How to prevent “Summer Brain Drain” in kids
Here’s a great post from one of my mentors Melody Johnson.
The “Summer Brain Drain,” also known as the “Summer Slide,” is a parent’s worst nightmare. It’s when your child’s months of hard work–hours upon hours of math homework, late nights working on science projects, and car rides spent quizzing history flashcards–all begin to slip away. It’s a decay in learning, which then can have a domino effect on a child’s physical, emotional and social development.
Ever wonder how knowledge retention works? Here’s what we know. Skills deteriorate over time at a rate determined by the specified task, predicted by the individual’s original level of learning. Therefore, the method yielding the highest initial learning level will lead to the highest level of skill retention over time. When summer break rolls around, learning takes a dramatic stop. In just a short amount of time the “Summer Brain Drain” begins and so begins the downward snowball in development areas.
The Problem: Children gain weight nearly twice as fast over the summer because they are snacking more often, many times out of boredom or lack of proper supervision. At the same time, many children are also less active over the summer because they sleep in longer, watch TV longer, play video games longer, etc. Although it may seem like they are more active over the summer, the lack of structure contributes to weight gain.
The Solution: Even just two days of structured physical activity, like martial arts, over the summer can have a dramatic positive effect on children’s physical activities at home. They will feel more energized and, therefore, more likely to engage in other physical activities throughout the summer.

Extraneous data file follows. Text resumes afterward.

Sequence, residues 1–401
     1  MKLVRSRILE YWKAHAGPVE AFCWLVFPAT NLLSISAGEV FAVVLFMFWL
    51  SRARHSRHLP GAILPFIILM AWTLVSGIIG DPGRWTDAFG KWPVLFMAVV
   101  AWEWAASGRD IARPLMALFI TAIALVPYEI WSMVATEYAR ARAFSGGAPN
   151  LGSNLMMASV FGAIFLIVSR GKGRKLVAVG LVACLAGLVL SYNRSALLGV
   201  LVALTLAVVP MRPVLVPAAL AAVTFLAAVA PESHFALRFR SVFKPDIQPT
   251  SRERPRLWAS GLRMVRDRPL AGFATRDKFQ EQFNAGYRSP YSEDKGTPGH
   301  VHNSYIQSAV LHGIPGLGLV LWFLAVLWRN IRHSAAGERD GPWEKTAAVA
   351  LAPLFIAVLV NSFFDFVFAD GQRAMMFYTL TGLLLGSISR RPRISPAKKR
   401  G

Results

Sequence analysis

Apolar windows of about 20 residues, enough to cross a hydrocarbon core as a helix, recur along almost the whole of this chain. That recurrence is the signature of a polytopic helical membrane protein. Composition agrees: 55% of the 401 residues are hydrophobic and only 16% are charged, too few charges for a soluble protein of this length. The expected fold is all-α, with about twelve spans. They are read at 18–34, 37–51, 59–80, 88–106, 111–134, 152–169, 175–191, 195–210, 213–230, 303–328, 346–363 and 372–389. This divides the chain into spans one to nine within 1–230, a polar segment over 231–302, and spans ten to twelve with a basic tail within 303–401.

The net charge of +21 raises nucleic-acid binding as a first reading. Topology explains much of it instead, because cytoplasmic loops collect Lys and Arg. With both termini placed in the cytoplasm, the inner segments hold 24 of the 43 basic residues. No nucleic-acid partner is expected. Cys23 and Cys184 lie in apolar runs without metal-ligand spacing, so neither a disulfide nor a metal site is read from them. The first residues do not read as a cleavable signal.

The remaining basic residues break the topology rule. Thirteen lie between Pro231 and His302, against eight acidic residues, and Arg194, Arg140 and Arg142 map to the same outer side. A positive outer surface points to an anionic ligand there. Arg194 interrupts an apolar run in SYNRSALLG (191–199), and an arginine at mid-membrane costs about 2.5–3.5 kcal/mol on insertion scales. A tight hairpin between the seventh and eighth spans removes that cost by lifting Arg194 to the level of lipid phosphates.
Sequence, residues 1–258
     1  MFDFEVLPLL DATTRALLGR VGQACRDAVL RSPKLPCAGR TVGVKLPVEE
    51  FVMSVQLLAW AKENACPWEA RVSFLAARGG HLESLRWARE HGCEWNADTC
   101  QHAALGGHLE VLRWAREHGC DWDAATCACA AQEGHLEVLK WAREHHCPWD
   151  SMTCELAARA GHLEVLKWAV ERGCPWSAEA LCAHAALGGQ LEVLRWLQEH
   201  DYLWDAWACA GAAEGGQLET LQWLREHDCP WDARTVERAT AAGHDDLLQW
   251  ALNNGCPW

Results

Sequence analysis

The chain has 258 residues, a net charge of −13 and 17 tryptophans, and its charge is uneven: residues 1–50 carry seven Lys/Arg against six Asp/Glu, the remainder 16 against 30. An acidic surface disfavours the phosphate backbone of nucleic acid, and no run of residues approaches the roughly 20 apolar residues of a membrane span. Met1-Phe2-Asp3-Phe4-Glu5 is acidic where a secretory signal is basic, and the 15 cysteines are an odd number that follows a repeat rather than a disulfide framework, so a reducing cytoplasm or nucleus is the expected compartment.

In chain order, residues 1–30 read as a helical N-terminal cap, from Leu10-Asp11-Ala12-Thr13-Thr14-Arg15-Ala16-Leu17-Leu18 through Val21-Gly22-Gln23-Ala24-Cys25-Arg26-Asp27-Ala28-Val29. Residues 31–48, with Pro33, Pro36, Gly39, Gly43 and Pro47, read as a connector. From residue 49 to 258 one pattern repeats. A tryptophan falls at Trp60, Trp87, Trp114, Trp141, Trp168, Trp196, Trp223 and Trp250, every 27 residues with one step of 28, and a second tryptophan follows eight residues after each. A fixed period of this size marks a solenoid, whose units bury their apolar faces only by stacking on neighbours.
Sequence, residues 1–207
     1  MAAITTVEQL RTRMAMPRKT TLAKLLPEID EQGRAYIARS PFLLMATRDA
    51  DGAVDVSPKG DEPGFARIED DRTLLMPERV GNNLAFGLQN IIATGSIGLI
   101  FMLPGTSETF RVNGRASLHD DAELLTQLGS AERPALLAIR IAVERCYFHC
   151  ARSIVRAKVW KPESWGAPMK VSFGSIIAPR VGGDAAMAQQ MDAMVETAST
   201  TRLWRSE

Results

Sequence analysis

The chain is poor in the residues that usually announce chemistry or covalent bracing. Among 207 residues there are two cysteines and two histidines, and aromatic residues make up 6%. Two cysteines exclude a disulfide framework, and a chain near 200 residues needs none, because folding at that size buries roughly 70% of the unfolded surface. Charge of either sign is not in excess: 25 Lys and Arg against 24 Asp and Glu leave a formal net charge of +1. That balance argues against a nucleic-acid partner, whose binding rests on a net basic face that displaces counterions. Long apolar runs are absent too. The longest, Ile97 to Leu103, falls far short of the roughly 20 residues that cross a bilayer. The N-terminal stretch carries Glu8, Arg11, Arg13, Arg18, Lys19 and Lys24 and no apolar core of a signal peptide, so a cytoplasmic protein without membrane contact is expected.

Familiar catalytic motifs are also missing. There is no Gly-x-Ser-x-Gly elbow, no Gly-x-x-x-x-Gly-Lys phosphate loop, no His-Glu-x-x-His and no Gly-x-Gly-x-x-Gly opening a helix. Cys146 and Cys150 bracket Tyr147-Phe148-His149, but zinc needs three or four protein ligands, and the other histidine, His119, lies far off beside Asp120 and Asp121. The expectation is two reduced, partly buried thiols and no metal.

The Problem: To be blunt, the “Summer Brain Drain” is what happens when kids spend the summer months without learning or practicing their skills, leading them to fall behind on measures of learning and academic achievements. During the school year teachers, assistants, and counselors are focused on helping children learn and grow. But what happens during the summer season when these people are not around? A decline in cognitive development.
The Solution: Child psychologists state that children who maintain some sense of a structured activity during the summer, like martial arts, do better in the initial months of the new academic school year. Martial Arts training through the summer reinforces a time commitment, necessity to practice, reminds students to follow through, and gives them the learning environment they need to reinforce the skills they’re learning, which in turn strengthens their retention of academic knowledge.
The Problem: When the school year ends, children lose a lot of key contributors that boost self-esteem…teachers, counselors, coaches, etc. This leads to less confidence entering the back to school season. Children that lose self-esteem over the summer enter the new school season with many fears associated with making new friends, meeting new teachers, and bullying.
The Solution: Structured martial arts classes provide a great environment for building children’s emotional development in a manner that is positive and productive, helping to ensure confidence, self-esteem, and emotional well-being.
The Problem: Children that do not have proper social development over the summer tend to misbehave when they enter the new school season. At the same time, children that do not have sufficient positive social interaction over the summer enter the new school season with more anxiety.
Martial Arts classes include daily classroom activities that strengthen children’s emotional outlook. In fact, children that are more confident enter the new school season excited about all of the wonderful opportunities that schooling has to offer!
Many people have an image of summer being a carefree happy time where “kids can be kids,” and take for granted the benefits of enriching experiences from organized activities. Even just two times per week in a structured program can make a tremendous difference in a child’s intellectual development over the summer, which ultimately helps with their physical, emotional, and social development as well. Do your research and find a program that provides these benefits in a manner that is also fun, so that kids can still be kids and not lose that carefree and happy summer lifestyle.